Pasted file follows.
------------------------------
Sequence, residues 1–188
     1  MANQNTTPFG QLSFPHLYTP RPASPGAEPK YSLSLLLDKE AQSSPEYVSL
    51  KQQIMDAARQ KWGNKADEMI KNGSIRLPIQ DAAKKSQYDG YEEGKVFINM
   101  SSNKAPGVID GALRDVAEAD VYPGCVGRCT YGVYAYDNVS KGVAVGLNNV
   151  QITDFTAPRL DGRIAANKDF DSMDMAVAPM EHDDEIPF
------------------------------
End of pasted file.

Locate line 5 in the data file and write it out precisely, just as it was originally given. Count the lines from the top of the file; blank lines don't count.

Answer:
   151  QITDFTAPRL DGRIAANKDF DSMDMAVAPM EHDDEIPF